22 April 2009
I just found a new favorite nearby spot today! There's a ravine under Neuschwanstein, which you can see from Marienbrücke (Mary's Bridge), but I didn't know you could go down into it until today. What a great place! I had a couch surfer (Stelios) in town from Cyprus for the day, and I just found out about this place, so after the castles we took the path down into it. It was really beautiful and I know I'm going to spend a lot of time there. Another nice thing is that there weren't many tourists at all. I can't believe it took me so long to find out about such a great place so near the castles. Everyone only ever talks about the castles! This place is tops in my book.
You can see Marienbrücke at the top
To give you an idea of scale, look at how small Stelios is in comparison. (lower right corner)
19 April 2009
I set out to Halblech to ultimately go to "Flysch im Röthenbachtal" which is a series of rock formations in the Röthenbach Valley. The ride was pretty easy most of the way, and I rode pretty far into the Halblech Valley before I had to get off of the bike and walk. Then I had to hike up for like 30 minutes, which threw me because I was going to a valley! But it was on the other side of a large hill so it took about 45 minutes to get to. There were parts of the trail that still had snow on them, which was irritating because I had my summer sneakers on. I decided to just go anyway because I rode 14 km to get there. It was pretty cool and worth the ride. It would've been nicer in the summer because the path in the valley was covered in snow and I couldn’t walk far.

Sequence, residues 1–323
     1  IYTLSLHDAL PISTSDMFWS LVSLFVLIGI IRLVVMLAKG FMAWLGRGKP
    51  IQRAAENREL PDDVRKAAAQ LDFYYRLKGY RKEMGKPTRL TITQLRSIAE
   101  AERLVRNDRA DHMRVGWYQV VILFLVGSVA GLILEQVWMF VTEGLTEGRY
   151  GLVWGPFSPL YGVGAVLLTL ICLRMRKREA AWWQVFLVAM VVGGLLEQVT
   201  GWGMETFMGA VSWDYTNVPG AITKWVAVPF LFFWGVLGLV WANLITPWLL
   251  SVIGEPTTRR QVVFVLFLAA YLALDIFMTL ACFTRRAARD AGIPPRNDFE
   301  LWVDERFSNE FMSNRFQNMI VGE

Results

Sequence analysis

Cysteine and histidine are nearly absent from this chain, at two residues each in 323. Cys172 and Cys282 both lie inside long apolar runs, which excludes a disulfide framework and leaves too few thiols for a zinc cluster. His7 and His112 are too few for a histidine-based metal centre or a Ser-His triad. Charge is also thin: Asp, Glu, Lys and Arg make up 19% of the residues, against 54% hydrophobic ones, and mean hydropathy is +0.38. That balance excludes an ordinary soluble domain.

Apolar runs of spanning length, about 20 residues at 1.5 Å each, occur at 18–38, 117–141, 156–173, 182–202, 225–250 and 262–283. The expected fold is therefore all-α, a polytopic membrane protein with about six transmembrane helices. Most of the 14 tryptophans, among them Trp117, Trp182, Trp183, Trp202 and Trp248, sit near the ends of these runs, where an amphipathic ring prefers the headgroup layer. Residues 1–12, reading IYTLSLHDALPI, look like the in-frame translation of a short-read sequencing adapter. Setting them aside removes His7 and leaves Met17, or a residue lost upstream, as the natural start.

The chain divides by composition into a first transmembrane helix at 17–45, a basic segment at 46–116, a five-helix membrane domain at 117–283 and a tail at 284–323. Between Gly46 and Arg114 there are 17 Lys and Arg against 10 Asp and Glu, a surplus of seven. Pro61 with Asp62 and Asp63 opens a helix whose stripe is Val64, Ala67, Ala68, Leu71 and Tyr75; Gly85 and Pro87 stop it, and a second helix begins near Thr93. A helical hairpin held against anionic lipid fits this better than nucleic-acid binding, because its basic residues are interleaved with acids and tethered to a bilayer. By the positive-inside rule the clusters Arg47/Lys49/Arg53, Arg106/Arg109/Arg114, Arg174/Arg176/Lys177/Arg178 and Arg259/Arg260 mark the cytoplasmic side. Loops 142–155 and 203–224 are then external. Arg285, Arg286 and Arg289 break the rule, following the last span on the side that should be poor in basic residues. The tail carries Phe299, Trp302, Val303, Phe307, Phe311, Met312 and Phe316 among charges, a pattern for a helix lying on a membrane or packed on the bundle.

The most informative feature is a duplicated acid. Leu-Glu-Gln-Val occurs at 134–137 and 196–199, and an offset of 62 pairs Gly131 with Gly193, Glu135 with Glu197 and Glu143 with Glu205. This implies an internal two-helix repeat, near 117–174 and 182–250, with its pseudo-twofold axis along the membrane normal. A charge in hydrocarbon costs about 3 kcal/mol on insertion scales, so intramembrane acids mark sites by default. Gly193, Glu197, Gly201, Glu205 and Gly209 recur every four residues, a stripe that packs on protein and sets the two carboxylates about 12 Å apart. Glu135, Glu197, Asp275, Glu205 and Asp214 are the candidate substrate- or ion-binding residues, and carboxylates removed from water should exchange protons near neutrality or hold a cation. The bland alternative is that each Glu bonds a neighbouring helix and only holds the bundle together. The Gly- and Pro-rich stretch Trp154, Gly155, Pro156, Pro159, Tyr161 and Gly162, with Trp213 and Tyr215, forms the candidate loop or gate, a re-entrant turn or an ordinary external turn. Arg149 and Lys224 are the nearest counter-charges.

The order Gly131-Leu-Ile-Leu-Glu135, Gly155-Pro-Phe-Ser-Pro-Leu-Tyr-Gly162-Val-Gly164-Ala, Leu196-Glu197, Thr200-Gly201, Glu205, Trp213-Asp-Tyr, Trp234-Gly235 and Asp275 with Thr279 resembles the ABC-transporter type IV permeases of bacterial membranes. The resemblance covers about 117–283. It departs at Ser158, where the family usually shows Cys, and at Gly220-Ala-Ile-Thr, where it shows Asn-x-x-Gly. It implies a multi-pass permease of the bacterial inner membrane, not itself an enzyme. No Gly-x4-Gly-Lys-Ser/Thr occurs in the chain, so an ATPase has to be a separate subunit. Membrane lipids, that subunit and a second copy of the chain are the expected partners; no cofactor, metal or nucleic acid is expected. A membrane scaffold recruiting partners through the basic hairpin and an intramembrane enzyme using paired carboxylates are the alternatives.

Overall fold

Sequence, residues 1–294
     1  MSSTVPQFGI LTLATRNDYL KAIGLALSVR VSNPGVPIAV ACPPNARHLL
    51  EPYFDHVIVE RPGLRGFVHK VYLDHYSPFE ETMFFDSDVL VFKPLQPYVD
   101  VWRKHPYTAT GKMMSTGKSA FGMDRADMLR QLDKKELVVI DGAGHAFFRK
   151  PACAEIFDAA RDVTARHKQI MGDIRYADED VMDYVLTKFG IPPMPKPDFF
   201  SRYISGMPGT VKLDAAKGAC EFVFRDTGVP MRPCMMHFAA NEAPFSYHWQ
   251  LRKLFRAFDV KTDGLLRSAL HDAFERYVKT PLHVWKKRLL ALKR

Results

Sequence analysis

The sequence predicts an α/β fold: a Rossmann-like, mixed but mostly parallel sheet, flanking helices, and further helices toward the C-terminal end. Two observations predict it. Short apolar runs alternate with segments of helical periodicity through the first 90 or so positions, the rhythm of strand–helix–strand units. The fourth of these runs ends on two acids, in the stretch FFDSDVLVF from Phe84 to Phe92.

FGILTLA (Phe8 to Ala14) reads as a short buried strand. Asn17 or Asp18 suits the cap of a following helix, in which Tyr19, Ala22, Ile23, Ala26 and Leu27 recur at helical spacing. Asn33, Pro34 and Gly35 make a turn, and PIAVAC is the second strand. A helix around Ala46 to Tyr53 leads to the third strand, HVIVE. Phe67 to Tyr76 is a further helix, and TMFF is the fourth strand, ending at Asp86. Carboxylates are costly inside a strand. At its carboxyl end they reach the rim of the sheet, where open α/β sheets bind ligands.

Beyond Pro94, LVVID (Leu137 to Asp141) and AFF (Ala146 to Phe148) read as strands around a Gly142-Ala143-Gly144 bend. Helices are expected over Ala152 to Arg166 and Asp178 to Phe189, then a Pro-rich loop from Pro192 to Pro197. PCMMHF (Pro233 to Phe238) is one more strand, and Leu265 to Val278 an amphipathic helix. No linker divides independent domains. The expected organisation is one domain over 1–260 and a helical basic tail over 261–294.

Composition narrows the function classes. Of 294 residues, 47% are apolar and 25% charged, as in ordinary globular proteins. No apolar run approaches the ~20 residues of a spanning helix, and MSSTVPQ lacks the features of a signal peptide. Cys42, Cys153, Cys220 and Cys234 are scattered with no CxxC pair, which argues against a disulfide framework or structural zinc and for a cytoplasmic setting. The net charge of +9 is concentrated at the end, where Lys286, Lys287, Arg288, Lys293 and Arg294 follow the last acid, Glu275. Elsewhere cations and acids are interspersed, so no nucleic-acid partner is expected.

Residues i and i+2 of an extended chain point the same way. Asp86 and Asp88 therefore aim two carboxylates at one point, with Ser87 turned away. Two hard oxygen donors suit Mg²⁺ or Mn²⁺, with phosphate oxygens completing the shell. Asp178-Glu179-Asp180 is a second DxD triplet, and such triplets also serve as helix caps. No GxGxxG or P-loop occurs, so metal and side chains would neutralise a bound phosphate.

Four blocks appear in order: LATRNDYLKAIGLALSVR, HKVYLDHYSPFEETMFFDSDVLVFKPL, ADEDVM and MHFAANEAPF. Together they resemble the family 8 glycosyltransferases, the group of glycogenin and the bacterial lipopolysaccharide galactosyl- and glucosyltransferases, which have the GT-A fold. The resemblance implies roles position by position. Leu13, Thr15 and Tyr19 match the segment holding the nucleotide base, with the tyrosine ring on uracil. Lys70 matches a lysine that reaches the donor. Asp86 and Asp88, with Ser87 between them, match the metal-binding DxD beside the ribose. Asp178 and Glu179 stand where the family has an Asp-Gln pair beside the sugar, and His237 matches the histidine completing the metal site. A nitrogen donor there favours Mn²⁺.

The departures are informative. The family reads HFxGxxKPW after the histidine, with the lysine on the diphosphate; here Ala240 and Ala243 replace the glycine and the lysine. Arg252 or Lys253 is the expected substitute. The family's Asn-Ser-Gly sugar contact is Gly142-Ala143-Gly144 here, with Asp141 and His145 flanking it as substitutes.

I lingered for a little while, then set back with my wet shoes. It was a bit chillier on the way back and I was exhausted, but it was a fun way to spend a Sunday afternoon. A nice little day trip.
On the ride there
Somebody stacked up all these rocks in little piles next to the river. Really strange.
Info: Flysch (swiss: float) is a special geological formation which was formed in the Cretaceous period. The formation was uncovered from the river Röthenbach near Halblech and has an age of about 85 million years. It shows in an outstanding manner the rhythmic recurrence of sediment cycles. Due to tectonic movements they have been folded and are now partially standing in an upright position.
17 April 2009
We set out pretty early to get to Rheinfall. After driving around in circles for about an hour because of a closed road, we finally crossed the Swiss border. It was only a short drive beyond that. We found parking and walked through the unimpressive town to the Rheinfall, which was huge and loud and really beatiful. It's hard to capture the scale with photos or even video. You can see the people standing on top of the large rock to the right, which helps a little, but you really needed to be there. Unfortunately it was packed, but not nearly as packed as when we left. We were dumbfounded by the number of cars and tourists that arrived just a short time after we did. It was Easter Sunday, so we guessed that everyone must've just gotten out of church.
Anyway, it was a great start to the day! Afterward, we followed the Rhein to Stein am Rhein, which was a really cute, quaint town. The painted facades were especially beautiful. We stopped by the river for a bit, which was nice. It is much cleaner down south than it is up north. Then we continued on through the mountains. Pretty much just taking the most scenic route back.
On the walk to the Rheinfall
An 18 second noisy panorama. It's hard to capture the feeling you get being there.
A few panoramas
Stein am Rhein, Switzerland
A mountain stream somewhere in Austria
On the way home
That was our trip! We passed through three countries in one day. How about that!